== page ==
Thursday 19 Jul 2018 | 10:42 | SYDNEY
Thursday 19 Jul 2018 | 10:42 | SYDNEY

Climate change opinion changing


Fergus Hanson


14 October 2009 09:25

One of the surprising results in this year's Lowy Poll was the change in perceptions about climate change. Just as parliament gears up for discussions on an ETS and world leaders prepare to gather in Copenhagen for negotiations on reducing carbon emissions, concern about global warming seems to be dropping in Australia.

Given a choice between three options for dealing with global warming that range from the pro-climate to the more skeptical a decreasing number of Australians are opting for the most pro-climate position.

Panel members at the launch of the 2009 Lowy Institute Poll

In 2006, 68% of Australians said 'global warming is a serious and pressing problem. We should begin taking steps now even if this involves significant costs'. Since then support for this position has dropped by 20 points with 48% of Australians now feeling this way, while support for the more intermediate response 'we can deal with the problem gradually by taking steps that are low in cost' has risen.

So what explains this shift in opinion? One explanation could be that as we enter the nitty gritty end of discussions on addressing climate change people are beginning to seriously consider the costs of taking action.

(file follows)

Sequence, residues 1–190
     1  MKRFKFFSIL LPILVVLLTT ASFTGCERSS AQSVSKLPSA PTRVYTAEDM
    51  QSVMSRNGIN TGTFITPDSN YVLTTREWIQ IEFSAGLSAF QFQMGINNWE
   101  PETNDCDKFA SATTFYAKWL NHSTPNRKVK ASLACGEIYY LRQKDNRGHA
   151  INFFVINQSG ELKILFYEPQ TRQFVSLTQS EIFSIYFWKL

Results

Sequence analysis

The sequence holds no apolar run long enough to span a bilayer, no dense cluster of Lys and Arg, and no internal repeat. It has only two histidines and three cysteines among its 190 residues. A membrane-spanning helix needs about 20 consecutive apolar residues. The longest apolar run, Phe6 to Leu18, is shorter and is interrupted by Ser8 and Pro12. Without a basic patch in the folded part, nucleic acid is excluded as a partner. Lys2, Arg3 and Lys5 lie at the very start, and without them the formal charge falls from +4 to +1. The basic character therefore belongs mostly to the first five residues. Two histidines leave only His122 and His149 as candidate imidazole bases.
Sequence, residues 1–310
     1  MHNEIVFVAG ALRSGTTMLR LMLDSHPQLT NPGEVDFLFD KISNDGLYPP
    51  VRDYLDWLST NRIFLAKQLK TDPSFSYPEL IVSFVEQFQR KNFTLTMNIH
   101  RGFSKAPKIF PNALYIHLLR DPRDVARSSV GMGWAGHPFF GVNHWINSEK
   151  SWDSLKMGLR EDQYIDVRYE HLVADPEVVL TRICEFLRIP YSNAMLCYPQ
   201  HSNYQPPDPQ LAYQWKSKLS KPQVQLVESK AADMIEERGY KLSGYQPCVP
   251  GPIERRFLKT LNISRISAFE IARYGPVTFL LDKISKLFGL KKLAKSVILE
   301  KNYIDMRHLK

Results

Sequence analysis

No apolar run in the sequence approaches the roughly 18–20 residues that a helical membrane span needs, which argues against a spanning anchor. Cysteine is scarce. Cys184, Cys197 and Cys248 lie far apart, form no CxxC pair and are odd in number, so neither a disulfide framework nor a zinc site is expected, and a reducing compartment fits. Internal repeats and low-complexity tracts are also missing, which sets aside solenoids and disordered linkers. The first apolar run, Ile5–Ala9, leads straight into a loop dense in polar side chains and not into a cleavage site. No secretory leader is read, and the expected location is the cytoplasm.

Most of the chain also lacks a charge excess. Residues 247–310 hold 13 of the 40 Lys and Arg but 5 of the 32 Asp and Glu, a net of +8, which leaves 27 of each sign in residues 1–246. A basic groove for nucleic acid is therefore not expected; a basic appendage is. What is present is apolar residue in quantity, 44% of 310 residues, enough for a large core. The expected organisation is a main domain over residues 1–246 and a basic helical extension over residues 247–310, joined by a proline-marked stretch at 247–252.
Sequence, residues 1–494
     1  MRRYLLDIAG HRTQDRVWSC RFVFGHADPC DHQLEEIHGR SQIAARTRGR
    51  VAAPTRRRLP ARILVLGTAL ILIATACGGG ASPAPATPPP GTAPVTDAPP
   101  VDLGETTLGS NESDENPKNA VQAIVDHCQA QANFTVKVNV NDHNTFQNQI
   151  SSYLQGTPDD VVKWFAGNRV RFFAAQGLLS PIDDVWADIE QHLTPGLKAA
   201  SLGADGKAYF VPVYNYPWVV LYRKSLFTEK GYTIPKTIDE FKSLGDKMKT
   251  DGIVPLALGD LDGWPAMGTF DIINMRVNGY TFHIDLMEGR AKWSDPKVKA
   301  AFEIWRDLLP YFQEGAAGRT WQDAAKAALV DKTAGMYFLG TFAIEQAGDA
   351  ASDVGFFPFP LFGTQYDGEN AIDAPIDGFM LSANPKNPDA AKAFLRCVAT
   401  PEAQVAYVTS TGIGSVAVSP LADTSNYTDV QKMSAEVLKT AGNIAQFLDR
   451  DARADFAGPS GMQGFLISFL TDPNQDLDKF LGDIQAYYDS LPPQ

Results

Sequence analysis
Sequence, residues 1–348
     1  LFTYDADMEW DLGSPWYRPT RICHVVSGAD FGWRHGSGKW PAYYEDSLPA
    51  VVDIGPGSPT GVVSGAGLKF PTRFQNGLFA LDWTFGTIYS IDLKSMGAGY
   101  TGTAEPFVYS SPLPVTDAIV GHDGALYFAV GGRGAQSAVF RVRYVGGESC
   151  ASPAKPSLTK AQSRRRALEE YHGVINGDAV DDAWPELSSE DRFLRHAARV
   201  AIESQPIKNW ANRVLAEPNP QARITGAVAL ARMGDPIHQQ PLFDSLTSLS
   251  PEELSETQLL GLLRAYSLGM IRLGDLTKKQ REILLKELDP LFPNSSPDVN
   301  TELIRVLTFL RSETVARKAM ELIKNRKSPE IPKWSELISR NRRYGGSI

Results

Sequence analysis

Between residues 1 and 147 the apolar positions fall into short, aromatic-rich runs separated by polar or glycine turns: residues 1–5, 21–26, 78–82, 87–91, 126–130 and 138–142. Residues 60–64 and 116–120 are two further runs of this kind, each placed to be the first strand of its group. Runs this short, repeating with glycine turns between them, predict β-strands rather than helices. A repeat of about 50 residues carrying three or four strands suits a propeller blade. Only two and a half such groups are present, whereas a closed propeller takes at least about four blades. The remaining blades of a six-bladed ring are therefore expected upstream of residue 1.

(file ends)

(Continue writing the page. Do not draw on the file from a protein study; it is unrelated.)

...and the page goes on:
Our poll last year asked people about their willingness to pay to help solve climate change. We found (see chart below) that most people were only prepared to pay $10 or less a month extra on their electricity bill if it would help solve climate change. Not that much. 

Another explanation might be that Australians see a trade off between their jobs/the economy and action on climate change. When the economy is booming taking on modest costs to address climate change is easier than in the midst of the worst global economic crisis since the Great Depression and this year protecting jobs and strengthening the Australian economy remained top foreign policy goals.

One other possibility might be a growing desensitisation to reports on the overwhelming costs of inaction on climate change. This type of response seems to be reflected in another question in this year's poll. Since 2006 fewer and fewer people see 'AIDS, avian flu and other potential epidemics ' as a critical threat to Australia. 58% of Australians said this was a critical threat in 2006, this year only 43% did, despite the swine flu outbreak.  

Although concern has slipped, climate change has by no means disappeared from the Australian consciousness. 76% of Australians said climate change was a problem and just over half the population still saw it as a critical threat to our interests. As Arthur Sinodinos said at the poll launch, the government might need to do more to explain its climate change policy if it wants to keep the Australian population on board. Environmental groups might have to do the same too.